When Solar Panels are put on a (Hot) Spot!
Updated: Aug 12, 2020
The average annual temperature, for the vast majority of our country is above 30 degrees Celsius.
Solar panels, also commonly referred to as solar modules, are installed in the open and operate at 15-20 degrees Celsius higher than the ambient temperature.
This means that the solar panels are operating at temperatures above 45 degrees Celsius regardless of the season. Though this temperature varies throughout the day, they are fairly equal through out the panel.
However certain factors can cause small, specific parts of the solar panels, to heat up to
temperatures that are much higher than the rest of the panel!
These localized areas giving out intense heat are referred to as 'Hot Spots'. They cause irreversible damage, degradation, and loss in output.
Hot spots are caused either due to Internal Factors or External Factors
Internal Factors include: Poor quality of solder bonds, use of substandard components, defective diodes, micro-cracks in cells, etc.
External Factors include: Shadows, soiling, bird droppings, sitting/ standing on the panel during installation, damage during transportation, etc.
To know more about the damage that shading causes click here.
How to safeguard against Hot Spots:
Choose the right solar panel manufacturer
Choose the right solar panel/ system installer
Choose the right solar panel manufacturer
Solar panel manufacturers have to account for several factors to ensure the prevention of the formation of hot spots.
Every component should be of the highest quality and every process strictly adhered to.
Here are some key steps that are necessary to avoid the formation of hot spots while manufacturing a panel.
Ensuring that the required 'creepage' and 'clearance' distances are maintained according to applicable standards while designing and manufacturing the panels.
Using high-quality Encapsulant material that creates a cushion and protective covering on both sides of the PV cell to prevent the formation of micro-cracks because of external/ internal stress on the module.
Quality, automated soldering to prevent breakage of solder bonds. When the power produced by the PV cell cannot be transported due to faulty or broken solder bonds the energy is released as heat into the environment.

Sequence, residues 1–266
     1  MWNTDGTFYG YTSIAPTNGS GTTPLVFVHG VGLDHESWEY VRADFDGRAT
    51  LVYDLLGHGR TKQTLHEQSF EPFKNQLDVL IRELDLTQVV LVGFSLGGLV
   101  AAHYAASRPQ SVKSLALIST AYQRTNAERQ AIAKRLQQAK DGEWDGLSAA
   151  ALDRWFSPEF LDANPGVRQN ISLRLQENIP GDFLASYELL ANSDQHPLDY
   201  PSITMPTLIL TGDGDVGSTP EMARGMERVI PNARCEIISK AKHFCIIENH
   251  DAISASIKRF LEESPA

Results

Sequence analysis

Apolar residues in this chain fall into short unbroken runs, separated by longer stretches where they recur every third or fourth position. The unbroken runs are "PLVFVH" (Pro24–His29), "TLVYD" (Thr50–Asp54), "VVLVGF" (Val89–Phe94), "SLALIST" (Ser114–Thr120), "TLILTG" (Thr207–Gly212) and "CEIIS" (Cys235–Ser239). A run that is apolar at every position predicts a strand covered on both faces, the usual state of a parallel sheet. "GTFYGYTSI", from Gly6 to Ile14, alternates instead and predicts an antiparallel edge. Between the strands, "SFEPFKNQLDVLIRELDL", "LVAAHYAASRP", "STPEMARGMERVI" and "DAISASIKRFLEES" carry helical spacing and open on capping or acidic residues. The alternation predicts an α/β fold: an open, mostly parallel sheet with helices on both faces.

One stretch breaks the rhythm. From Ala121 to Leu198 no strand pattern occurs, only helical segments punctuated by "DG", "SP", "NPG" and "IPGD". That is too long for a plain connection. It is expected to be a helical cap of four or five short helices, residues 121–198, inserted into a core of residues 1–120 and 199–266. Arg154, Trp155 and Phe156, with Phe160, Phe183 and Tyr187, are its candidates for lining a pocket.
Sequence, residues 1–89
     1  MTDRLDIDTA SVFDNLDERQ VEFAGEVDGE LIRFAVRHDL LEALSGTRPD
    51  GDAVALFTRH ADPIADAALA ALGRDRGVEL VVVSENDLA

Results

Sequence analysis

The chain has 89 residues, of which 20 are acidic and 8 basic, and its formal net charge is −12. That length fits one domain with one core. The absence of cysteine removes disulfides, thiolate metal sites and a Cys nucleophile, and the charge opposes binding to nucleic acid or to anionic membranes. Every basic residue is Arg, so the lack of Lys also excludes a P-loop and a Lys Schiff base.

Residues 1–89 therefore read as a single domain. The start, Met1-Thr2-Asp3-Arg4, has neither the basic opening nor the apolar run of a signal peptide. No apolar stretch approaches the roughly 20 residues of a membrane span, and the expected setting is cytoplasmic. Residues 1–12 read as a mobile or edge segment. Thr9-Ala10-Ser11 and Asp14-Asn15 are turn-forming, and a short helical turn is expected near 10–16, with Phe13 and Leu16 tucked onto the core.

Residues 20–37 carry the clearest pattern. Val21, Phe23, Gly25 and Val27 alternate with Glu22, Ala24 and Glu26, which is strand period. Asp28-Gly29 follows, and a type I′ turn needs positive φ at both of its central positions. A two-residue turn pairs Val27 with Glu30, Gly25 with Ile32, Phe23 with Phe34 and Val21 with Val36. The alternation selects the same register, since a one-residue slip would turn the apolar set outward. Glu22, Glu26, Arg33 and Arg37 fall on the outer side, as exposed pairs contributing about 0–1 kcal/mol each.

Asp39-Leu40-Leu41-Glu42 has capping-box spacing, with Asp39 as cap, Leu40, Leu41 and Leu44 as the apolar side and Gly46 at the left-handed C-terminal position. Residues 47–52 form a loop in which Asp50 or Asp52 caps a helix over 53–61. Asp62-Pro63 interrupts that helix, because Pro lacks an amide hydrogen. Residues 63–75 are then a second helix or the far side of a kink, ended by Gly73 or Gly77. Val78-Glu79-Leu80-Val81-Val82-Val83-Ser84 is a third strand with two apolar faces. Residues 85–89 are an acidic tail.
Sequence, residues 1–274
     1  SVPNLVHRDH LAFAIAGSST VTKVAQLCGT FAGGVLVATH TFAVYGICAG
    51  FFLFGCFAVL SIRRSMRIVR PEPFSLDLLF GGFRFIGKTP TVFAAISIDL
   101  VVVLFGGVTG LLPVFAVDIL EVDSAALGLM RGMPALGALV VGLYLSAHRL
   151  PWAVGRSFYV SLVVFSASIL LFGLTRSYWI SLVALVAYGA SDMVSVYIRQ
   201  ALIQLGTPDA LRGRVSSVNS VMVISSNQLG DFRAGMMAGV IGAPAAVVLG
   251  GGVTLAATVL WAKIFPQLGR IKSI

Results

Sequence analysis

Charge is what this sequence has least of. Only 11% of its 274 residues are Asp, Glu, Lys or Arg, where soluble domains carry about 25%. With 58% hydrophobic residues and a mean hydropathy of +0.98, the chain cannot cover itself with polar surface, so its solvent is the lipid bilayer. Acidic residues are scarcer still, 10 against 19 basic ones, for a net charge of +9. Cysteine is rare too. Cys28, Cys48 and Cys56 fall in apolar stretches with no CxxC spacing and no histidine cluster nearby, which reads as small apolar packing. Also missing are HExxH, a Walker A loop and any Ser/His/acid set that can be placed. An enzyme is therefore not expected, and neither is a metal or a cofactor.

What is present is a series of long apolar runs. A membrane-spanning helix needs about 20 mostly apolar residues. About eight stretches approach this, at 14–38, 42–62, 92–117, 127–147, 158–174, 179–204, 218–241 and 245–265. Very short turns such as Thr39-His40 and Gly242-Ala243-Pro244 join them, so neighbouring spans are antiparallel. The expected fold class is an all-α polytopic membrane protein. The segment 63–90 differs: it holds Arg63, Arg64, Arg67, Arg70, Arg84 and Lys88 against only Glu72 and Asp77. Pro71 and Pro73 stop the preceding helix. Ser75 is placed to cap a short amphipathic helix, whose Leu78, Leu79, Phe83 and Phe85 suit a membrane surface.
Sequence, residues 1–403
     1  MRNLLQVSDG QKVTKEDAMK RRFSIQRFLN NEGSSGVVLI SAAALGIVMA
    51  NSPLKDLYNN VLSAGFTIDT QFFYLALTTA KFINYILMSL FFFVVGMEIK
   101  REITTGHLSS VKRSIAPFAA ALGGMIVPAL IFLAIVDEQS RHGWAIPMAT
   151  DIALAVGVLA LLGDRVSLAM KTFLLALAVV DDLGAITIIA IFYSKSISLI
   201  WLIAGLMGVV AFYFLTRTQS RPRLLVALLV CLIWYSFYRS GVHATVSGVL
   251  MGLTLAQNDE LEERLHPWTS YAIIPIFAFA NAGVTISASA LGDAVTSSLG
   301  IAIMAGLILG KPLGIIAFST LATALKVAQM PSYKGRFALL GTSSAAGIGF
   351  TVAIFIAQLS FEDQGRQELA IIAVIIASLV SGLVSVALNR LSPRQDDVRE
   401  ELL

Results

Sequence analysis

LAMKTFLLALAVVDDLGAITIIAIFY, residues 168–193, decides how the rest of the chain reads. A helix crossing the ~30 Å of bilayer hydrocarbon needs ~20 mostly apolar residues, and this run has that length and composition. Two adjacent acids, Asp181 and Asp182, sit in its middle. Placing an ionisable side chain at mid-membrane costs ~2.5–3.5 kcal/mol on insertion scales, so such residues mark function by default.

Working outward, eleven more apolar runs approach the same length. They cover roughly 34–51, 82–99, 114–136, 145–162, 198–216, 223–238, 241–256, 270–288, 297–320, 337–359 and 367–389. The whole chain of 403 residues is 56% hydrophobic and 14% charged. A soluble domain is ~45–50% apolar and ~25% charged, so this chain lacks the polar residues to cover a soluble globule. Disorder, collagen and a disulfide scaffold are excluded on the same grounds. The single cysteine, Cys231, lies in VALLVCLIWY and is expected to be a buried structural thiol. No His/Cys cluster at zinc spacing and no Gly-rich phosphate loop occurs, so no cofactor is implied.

A robust Backsheet, comprising of quality raw materials and a high melting point (≥ 250 deg C) can help temporarily moderate the effect of the hot spot and maintain the insulation requirements for safety.
Consistent lamination of the panel is crucial to protecting the delicate solar cells. It prevents the formation of air bubbles, cell breakage and de-lamination of the solar panel after installation.
100% EL imaging (electro-luminescence) before and after lamination. EL imaging allows the panel manufacturer to quickly check for defects in the cells, stringing, and presence of micro-cracks if any. (See how modules are manufactured here.)
Ensuring that the module manufacturer is using Electrostatic Devices for the Junction Box assembly to prevent damage to the diodes. Bypass diodes help reduce the damage of hot spots caused due to shade. However, if the bypass diode is itself defective, the hot spot temperature could go beyond 200 degrees C, resulting in permanent damage to the panel.
Choose the right solar panel/ system install
Ask your prospective installation partner about how they choose solar panels for a project, both the type of panel and the manufacturer.
Visit/ review reference projects.
Make the time to understand how a solar installer will help address your specific requirements before making a choice.
For example: Standalone homes have ample rooftop space, but the roof itself may not be easily accessible. Hence you will need to discuss both installation and maintenance that includes frequent cleaning of the panels with your installer.
Solar panels are built to last 25 years.
Keeping track of your solar systems' output and performance is an effective way to ensure a quick response to any changes that may be detrimental to your investment!
It could be something simple like trimming a few branches or something that requires a little help like cleaning your panels.
The only corrective action if one or more solar panels have a hot spot is to replace them before further damage is caused, both to the panel and to the entire system.
Hot spots reduce output and may be a serious safety issue, but with the right panel and installation partner, they are avoidable...